For both cases, the extremals are in correspondence, due to the intrinsic interpretation of the singular trajectories as singularities of the input-output mapping. Moreover, introducing the reduced Hamiltonian H(x,p,xn)=p,F(x,xn), one hasddtHu={HG,HF}=-Hxn,ud2dt2Hu={{HG,HF},HG}=-2Hxn2. These formulas establish the relation between the Legendre-Clebsch and the generalized Legendre-Clebsch of the corresponding systems.

3. Second-Order Optimality Condition

We will present the results needed in our analysis to get sufficient second-order optimality conditions under generic assumptions in the singular case. The smooth system is ẋ=F(x,u), uU, and xX, and the pseudo-Hamiltonian can be written as H(z,u)=p,F(x,u), where z=(x,p). One can consider a reference singular extremal (z,u) solution on [0,tf] ofẋ=Hp(x,p,u),ṗ=-Hx(x,p,u),Hu=0.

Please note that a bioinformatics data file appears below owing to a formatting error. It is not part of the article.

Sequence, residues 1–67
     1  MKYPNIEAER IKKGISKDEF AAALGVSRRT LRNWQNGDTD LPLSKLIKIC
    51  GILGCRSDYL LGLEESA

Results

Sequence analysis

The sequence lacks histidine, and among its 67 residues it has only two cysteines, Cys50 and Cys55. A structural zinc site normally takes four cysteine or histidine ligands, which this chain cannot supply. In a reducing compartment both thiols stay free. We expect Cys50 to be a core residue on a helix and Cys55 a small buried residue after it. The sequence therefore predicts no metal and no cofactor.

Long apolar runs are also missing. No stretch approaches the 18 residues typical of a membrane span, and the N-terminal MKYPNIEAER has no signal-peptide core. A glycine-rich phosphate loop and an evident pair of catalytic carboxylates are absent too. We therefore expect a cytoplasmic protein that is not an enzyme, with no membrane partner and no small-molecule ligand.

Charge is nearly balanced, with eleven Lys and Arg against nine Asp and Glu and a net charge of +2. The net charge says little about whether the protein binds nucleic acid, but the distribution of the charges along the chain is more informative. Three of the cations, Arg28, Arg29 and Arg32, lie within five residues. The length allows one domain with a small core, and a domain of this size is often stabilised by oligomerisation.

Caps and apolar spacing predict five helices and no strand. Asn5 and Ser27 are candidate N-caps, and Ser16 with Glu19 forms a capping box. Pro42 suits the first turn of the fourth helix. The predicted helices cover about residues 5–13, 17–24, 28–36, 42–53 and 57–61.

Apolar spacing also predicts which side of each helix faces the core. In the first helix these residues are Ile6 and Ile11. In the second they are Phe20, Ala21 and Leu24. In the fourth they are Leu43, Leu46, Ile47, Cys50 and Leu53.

Our first assumption is the strong-Legendre condition:

The quadratic form 2H/u2 is negative definite along the reference solution.

Using the implicit function theorem, the extremal control is then locally defined as a smooth function u(z), and plugging this function into H defines a smooth true Hamiltonian, still denoted as H, and the extremal is solution of ż=H(z) with initial condition z0=(x0,p0).

3.1. The Geometric Concept of Conjugate PointDefinition 3.1.

Let z=(x,p) be the reference extremal defined on [0,tf]. The variational equation δż=dH(z(t))δz is called the Jacobi equation. A Jacobi field is a nontrivial solution δz=(δx,δp), and it is said to be vertical at time t if δx(t)=dΠz(t)δz(t)=0 where Π:(x,p)x is the canonical projection.

The following geometric result is crucial .

Proposition 3.2.

Let L0 be the fiber Tx0*X, and let Lt=exp[tH(L0)] be its image by the one-parameter subgroup generated by H, then Lt is a Lagrangian manifold whose tangent space at z(t) is spanned by the Jacobi fields vertical at t=0. Moreover, the rank of the restriction to Lt of Π is at most n-1.